President Biden made a big deal in the rollout of his executive order on market consolidation about the price of prescription drugs.
The order weaponizes antitrust and damages the patent system. That’s not strong medicine. It’s deadly poison.
This combo will weaken our vibrant, innovative biopharma sector that developed the most effective, safest COVID-19 vaccines in amazingly short time. Ironically, IQVIA reports that “net per capita [drug] spending declined by 2.7% in 2020” and “has increased only $56 since 2010.”
The only competition the order fosters is among government agencies for regulatory heavy-handedness. The E.O.’s directives aimed at biopharma companies risk harming patients who rely on their medicines.
The orders include importing drugs, disrupting patent settlements between brand and generic drug firms, treating innovation like it’s anticompetitive and tasking Health and Human Services to compile a wish list of price controls. There’s also blocking part of a rule relating to the Bayh-Dole Act.
First, the White House wants states to set up drug importation schemes. Florida is setting up a scheme under Trump administration rules. It’s likely to fall short of the hype.
Medicines would ostensibly come from Canada. But many times, “Canadian” drugs are counterfeits or adulterated versions. And the Canadian government isn’t sitting idly by and letting its legitimate pharmaceuticals go.
Also, the Federal Trade Commission is directed to apply its powers to patent settlements. Labeled by critics as “pay for delay,” these are merely out-of-court settlements of patent infringement cases.
Not only zealots in the administration, but lawmakers such as Sen. Amy Klobuchar apparently don’t understand this, judging by the misguided S. 1428 and the bias at a recent antitrust hearing.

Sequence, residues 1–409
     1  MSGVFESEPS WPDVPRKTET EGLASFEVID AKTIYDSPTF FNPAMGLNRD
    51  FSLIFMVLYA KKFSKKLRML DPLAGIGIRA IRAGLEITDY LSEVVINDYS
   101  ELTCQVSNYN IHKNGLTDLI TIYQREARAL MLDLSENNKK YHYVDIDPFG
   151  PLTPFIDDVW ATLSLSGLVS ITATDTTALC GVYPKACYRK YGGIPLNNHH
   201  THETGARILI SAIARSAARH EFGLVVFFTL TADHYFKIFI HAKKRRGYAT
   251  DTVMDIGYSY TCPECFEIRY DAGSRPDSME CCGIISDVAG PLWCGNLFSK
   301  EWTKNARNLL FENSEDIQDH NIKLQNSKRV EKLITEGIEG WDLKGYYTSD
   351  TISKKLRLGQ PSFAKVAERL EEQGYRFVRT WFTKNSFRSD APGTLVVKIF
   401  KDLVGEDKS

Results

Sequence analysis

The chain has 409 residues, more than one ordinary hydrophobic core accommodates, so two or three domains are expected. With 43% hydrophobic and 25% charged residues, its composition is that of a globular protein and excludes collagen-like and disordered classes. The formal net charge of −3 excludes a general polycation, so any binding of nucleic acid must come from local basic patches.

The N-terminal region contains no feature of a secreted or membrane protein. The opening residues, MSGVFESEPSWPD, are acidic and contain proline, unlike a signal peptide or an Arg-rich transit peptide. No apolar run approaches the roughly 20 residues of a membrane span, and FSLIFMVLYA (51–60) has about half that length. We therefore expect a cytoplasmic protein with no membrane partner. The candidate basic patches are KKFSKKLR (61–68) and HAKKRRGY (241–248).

The Hatch-Waxman Act employs the constructive mechanism of patent-related legal action to facilitate negotiations between innovator and generic maker. It’s a win-win. Parties settle faster, allow generic drugs to enter the market much sooner and respect for the innovator’s patent exclusivity is preserved.
FTC disruption will likely cause negotiations to stretch on longer, force parties to spend more money on litigation and reduce earnings that presently support both generic firms and innovators’ drug discovery and development.
Another sweeping directive calls for “ensur[ing] that the patent system, while incentivizing innovation, does not also unjustifiably delay generic drug and biosimilar competition beyond that reasonably contemplated by applicable law.”
This apparently implies the adoption of concepts Sens. John Cornyn and Richard Blumenthal would outlaw: so-called “product hopping” and “patent thicketing.” Their S. 1435 would apply an antitrust hammer to an extraordinarily common thing: iterative and follow-on invention and improvements. But it would only applied to biopharmaceutical invention and innovation.
The E.O. seems to encourage unilateral executive action aimed at biopharma innovators. Its end-running of Congress strikes an antitrust hammer on inventing a new and improved version of a brand medicine. For instance, it could be an easier-to-swallow pill, a convenient time-released dosage or a formulation that reduces side effects.
And there’s the HHS grab bag order. Put every anti-IP government price-fixing idea in the bag in 45 days. Expect to see direct “negotiation” (read: bureaucrats set a drug’s price on a take-it-or-leave-it basis; “leave it” really means antitrust persecution, product expropriation or something similarly punitive).
Other possibilities? Reference pricing based on the drug prices foreign governments’ health bureaucrats price-fix. A punitive tax penalty and civil monetary penalties if a medicine’s price increase exceeds the rate of inflation. Twisting Bayh-Dole march-in rights to snatch drug patents based on product price.
That leads us to the Bayh-Dole Act order. The National Institute on Standards and Technology is told to “consider” dropping “any provisions on march-in rights and product pricing” from its final rule on technology transfer of federally sponsored research discoveries.
Bayh-Dole allows the government very narrow grounds to “march in” on patents on inventions made under a federal research grant. For example, if a company licensed a university’s patent and sat on it because the invention may disrupt the firm’s existing product’s market. But price of a product doesn’t qualify for march-in.
The administration wants wiggle room to distort and abuse the law’s narrow confines through creative regulatory writing.
Does any of this promote competition? No. The president’s policy prescription is much worse than the presumed illness.